from the Hendricks Superior Court, The Honorable Stephenie D.
LeMay-Luken, Judge, Trial Court Cause No. 32D05-1510-CT-129
ATTORNEY FOR APPELLANT Rebecca Eimerman Zionsville, Indiana.
ATTORNEY FOR APPELLEE - COLBY HAYDUK Brandy M. Kumfer State
Farm Litigation Counsel Indianapolis, Indiana.
ATTORNEYS FOR APPELLEE - TIFFANY STAFFORD Leslie B. Pollie
Scott A. Weathers Travis W. Montgomery Kopka Pinkus Dolin PC
of the Case
Michael Martin appeals the trial court's grant of summary
judgment for Colby Hayduk and Tiffany Stafford on
Martin's complaint, which alleged that Hayduk and
Stafford had negligently failed to confine and control their
dogs and that, as a direct result of their negligence, Martin
was bitten by their dogs and suffered serious bodily injuries
while on Hayduk's property. Martin presents a single
issue for our review, which we restate as the following two
1. Whether there are genuine issues of material fact that
Hayduk and Stafford were negligent per se when they
allegedly violated local ordinances regarding the ownership
2. Whether, under the common law, there are genuine issues of
material fact that Hayduk and Stafford were negligent.
We reverse and remand for further proceedings.
and Procedural History
Hayduk owns a residence in Brownsburg. The house is in a
rural neighborhood and is bordered on two sides by farmland
and on a third side by another residence. Hayduk has two dogs
and has installed an in-ground electric or
"invisible" fence that is located approximately
thirty-five feet inside his property line. Hayduk's dogs
wear electric collars and have never wandered beyond the
Stafford, Hayduk's girlfriend, lives in Zionsville with
her five dogs. On June 30, 2015, Stafford was at Hayduk's
residence with all of her dogs and both of his dogs. All five
of her dogs wore electric collars and had been trained on the
On that day, after Hayduk had left his home for work, Martin
entered Hayduk's property, parked in Hayduk's
driveway, and walked toward the house. Martin wanted to
purchase a Volkswagen truck that was parked in the driveway.
The truck had a logo painted on the tailgate for a business
called "Buggy Works." There were no "for
sale" signs on the truck, and Martin had no other reason
to believe that the truck was for sale.
About fifteen to twenty feet from the front door to the
residence, at least five dogs approached Martin. The dogs bit
and scratched Martin, and, as a result, he sustained several
injuries. Martin then left for a local hospital, and, while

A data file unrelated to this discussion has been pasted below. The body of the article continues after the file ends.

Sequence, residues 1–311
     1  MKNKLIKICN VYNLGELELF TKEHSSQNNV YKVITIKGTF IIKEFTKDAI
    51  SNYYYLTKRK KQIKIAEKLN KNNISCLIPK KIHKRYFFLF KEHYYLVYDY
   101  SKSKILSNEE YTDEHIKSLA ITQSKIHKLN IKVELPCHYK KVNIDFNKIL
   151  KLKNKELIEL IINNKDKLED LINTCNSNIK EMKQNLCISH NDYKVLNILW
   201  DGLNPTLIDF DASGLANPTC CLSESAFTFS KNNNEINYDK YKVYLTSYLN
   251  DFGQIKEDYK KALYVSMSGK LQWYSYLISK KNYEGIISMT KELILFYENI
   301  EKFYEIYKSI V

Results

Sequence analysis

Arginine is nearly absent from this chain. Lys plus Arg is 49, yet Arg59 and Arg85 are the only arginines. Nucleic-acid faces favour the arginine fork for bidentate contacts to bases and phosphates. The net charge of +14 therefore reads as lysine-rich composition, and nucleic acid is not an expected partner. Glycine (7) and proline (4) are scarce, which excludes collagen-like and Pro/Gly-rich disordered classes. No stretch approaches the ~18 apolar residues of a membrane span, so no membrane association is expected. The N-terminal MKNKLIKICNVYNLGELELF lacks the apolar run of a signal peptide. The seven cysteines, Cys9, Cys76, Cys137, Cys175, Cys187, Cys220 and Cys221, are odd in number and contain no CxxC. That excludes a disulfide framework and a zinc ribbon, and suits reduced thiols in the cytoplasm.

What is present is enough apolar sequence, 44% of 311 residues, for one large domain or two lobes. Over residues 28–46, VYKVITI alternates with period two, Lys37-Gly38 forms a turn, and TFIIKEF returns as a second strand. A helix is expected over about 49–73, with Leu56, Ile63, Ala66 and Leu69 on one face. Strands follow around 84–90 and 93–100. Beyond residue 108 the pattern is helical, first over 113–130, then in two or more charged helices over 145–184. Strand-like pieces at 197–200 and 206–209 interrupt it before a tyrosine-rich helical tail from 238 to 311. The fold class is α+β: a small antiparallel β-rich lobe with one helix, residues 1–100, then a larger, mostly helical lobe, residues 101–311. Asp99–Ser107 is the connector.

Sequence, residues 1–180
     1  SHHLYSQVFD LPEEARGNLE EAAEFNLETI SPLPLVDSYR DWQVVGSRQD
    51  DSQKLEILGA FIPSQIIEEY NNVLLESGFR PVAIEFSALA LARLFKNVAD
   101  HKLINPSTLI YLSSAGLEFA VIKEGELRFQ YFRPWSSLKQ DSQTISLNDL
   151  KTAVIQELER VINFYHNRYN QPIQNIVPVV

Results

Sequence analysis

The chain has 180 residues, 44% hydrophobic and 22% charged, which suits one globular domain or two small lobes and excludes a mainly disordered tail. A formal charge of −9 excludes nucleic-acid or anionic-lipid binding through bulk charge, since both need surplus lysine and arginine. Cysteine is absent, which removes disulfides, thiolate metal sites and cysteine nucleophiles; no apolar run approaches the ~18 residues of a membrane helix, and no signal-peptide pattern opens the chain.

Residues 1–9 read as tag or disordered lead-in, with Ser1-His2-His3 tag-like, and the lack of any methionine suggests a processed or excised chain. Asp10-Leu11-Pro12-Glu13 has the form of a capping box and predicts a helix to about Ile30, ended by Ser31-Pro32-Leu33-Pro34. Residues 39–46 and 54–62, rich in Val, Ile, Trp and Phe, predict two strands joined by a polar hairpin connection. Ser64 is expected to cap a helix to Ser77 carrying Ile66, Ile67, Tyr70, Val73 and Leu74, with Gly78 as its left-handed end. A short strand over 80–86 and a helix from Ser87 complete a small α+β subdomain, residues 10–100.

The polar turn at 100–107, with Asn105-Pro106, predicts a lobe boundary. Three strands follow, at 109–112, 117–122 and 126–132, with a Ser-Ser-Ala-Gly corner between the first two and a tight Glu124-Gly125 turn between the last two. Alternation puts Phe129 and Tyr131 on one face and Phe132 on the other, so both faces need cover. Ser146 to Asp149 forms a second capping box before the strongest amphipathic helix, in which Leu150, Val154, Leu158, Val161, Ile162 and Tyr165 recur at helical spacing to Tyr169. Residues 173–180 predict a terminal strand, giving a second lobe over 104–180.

on his way, he called Hayduk to inquire about whether the
dogs had all had their shots. During that phone call, Hayduk
told Martin that there were "beware of dog" signs
on his property. After the phone call, Martin drove past
Hayduk's property to look for the signs and to take
pictures of the property, and he noticed a "beware of
dog" sign on the northwest corner of the property and
another sign behind some foliage on the east side of the
property by the driveway, which was Martin's original
point of entry to the property. Martin also noticed a sign in
a window, but he could not determine what it said.
On October 2, Martin filed a complaint against Hayduk and
Stafford in which he alleged that they had negligently failed
to confine and control their dogs and that, as a result,
Martin was bitten and suffered serious bodily injuries. In
their answers, both Hayduk and Stafford, in relevant part,
raised the affirmative defense that Martin was at fault in
having contributed to his injuries and that he had incurred
the risk of injury when he entered Hayduk's property
despite the "beware of dog" signs.
Later, during his deposition, Martin discussed his phone call
with Hayduk regarding the dogs. Martin testified that Hayduk
had said multiple times "that's why the signs are
there, that's why the signs are there."
Appellant's App. Vol. II at 118. Martin went on to say:
"I think [Hayduk] said, 'We have signs up. You
didn't see them?' I said I obviously didn't see
them." Id. at 118-19.
In response to interrogatories regarding whether the dogs had
ever bitten others, Stafford stated as follows: "In
November of 2012, one of Tiffany Stafford's dogs bit her
ex-husband's hand. The incident happened when Michael
Stafford returned [on] leave from his military tour in
Afghanistan. The dog had never met Michael Stafford."
Appellant's App. Vol. II at 203. Stafford further
responded that she
was bitten a few times when she first adopted one of her dogs
in the summer of 2014. For the first eight months after
Tiffany Stafford brought the dog home, she did not get along
with other dogs and would initiate fights. On a few occasions
Tiffany Stafford stepped in to break up the dogs and got
bitten in the process.
Hayduk and Stafford filed motions for summary judgment
alleging that Martin was a trespasser on Hayduk's
property and, therefore, they did not owe a duty to Martin
other than to refrain from willfully or wantonly injuring
him. They further argued that, even if they owed a duty to
Martin beyond that owed to a trespasser, they were not
negligent when they kept the dogs confined to the property
through the use of the electric fence. Hayduk and Stafford
also asserted that "[a]t the time of the alleged attack,
signs were posted at the end of the driveway and in the
laundry room window to the left of the garage[, ] among other
places." Id. at 85, 97.
In response, Martin asserted that there were genuine issues
of material fact regarding whether Hayduk and Stafford had
violated local ordinances when they had failed to confine the
dogs properly and had kept more dogs on the premises than
permitted. In addition, Martin asserted that there was a
genuine issue of material fact as to his status on the land
as well as to whether Hayduk and Stafford had breached their
duty of reasonable care under the circumstances. He further
claimed that the "beware of dog" signs located on